Staunton, Nov. 11 – State television channels have given only the barest of barebone accounts of the Russian withdrawal from Kherson and the Ukrainian victory there, but the absence of such reporting has done little or nothing to prevent the fall of Kherson from becoming the most discussed story in Russia.
That this has occurred shows that in the current media environment, the Kremlin cannot count on its control of central television outlets to define how Russians view events. Instead, Russians can turn to independent outlets on the internet and especially on telegram channels (meduza.io/feature/2022/11/11/rossiyskie-federalnye-telekanaly-pochti-nichego-ne-rasskazyvayut-ob-otstuplenii-iz-hersona).
And that loss of Kremlin control over the setting of the Russian popular agenda may prove at least as important as its loss of control over the Ukrainian city of Kherson, a city Moscow had pledged would be “with Russia forever.” Now that Russians have this experience with this case, they are even more likely to shift from TV to telegram channels in the future.
Recapturing them for the Kremlin’s preferred outlets will require either a dramatic expansion in official repression against telegram channels and other media that the authorities haven’t had control over up to now, a task that may prove beyond the capacity of the Putin regime to do in an age of VPNs and the creativity of IT professionals.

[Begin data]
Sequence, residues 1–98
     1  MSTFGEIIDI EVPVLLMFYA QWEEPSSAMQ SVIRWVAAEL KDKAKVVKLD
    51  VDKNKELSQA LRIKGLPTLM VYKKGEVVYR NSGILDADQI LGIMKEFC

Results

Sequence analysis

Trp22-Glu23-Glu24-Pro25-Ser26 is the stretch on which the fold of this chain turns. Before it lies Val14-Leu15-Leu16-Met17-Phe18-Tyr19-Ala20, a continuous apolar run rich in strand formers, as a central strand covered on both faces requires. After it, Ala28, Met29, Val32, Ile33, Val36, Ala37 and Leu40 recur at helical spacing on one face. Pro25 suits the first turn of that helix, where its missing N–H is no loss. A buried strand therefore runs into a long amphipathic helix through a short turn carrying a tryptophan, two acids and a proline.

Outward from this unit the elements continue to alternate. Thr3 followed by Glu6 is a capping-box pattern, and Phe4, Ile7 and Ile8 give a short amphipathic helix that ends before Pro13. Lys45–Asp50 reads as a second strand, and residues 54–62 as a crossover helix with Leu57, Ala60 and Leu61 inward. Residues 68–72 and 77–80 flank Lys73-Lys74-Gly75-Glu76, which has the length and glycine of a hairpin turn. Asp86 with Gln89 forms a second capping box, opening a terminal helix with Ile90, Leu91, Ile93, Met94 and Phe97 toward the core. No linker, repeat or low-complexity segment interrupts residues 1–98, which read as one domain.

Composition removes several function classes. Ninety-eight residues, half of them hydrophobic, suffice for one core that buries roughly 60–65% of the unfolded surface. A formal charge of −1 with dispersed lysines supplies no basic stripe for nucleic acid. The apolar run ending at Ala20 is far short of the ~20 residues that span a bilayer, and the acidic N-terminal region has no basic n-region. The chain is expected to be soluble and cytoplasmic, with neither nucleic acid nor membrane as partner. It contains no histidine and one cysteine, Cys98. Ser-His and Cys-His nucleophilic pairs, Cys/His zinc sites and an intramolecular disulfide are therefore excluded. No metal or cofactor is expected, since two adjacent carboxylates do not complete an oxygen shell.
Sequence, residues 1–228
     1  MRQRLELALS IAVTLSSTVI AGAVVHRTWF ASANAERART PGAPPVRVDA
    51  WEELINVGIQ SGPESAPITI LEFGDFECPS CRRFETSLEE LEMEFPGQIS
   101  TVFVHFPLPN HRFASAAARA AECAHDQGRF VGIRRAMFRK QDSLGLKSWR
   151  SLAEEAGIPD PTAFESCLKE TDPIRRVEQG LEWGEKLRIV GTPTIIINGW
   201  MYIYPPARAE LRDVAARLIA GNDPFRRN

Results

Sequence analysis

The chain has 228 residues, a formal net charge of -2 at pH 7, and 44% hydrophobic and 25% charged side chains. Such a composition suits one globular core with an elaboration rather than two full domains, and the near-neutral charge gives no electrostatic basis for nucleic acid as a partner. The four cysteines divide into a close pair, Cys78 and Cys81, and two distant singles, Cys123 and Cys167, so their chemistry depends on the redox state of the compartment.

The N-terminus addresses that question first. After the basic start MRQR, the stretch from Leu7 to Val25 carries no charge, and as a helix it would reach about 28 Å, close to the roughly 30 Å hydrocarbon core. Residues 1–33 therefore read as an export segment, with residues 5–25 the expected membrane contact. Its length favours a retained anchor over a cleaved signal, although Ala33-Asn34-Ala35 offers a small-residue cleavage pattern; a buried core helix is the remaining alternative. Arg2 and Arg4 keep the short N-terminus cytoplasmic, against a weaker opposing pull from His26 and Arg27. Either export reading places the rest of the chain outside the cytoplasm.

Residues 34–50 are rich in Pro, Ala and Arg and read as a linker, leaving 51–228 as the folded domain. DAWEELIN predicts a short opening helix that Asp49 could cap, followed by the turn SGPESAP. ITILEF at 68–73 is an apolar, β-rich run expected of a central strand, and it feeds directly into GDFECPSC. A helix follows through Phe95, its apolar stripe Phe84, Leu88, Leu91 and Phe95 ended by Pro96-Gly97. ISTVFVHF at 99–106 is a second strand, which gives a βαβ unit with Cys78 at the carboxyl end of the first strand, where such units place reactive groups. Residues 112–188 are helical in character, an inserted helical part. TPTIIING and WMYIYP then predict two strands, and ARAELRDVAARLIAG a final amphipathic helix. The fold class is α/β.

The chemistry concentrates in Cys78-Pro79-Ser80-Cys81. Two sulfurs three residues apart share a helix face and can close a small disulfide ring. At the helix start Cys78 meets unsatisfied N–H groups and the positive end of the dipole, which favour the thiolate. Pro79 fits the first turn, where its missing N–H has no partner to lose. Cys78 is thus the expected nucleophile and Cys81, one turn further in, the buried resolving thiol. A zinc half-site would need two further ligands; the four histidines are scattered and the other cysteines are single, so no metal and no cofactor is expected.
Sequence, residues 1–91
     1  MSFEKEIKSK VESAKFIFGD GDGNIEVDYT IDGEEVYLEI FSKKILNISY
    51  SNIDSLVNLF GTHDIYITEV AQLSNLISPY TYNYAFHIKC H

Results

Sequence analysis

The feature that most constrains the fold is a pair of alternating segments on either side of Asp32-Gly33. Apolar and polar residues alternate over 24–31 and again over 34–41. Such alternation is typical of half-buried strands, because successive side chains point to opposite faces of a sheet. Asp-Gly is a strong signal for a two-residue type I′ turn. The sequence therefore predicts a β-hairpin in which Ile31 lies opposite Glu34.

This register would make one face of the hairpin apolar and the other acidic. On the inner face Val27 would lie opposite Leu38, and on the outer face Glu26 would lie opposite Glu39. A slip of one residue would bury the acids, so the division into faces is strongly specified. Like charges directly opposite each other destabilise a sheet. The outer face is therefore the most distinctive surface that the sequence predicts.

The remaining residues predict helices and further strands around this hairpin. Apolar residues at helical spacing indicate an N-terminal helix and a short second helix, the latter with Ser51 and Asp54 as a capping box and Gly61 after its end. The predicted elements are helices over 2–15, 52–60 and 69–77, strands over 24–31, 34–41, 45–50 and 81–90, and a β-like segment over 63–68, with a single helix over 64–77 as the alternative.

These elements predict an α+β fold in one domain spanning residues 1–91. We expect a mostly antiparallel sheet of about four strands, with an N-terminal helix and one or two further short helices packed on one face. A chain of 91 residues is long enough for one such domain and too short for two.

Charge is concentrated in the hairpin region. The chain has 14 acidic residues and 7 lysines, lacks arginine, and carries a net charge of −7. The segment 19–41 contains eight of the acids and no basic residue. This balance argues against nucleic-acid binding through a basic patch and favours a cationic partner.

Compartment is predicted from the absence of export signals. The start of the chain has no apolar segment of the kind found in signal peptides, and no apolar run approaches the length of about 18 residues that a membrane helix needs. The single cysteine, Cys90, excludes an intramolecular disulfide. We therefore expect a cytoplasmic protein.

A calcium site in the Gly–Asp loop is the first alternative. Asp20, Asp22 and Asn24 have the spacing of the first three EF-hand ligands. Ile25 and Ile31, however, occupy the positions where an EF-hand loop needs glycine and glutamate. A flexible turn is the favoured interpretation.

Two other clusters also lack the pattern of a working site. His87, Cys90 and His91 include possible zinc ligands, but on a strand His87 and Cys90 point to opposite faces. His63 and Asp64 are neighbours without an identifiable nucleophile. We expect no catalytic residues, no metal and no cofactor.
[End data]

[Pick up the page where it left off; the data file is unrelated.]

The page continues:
Or the Putin regime will have to decide to allow its own channels to provide more accurate information, a step that by itself would constitute an important form of regime change and might presage even more thoroughgoing regime change in the future, a risk that likely will keep the Kremlin from adopting that course.
Thus Kherson may constitute a turning point. On the one hand, the Kremlin has been shown to be a loser as far as many Russians are concerned. And on the other, efforts to put that genie back in the bottle could prove even more explosive triggering other kinds of moves for regime change at the same time.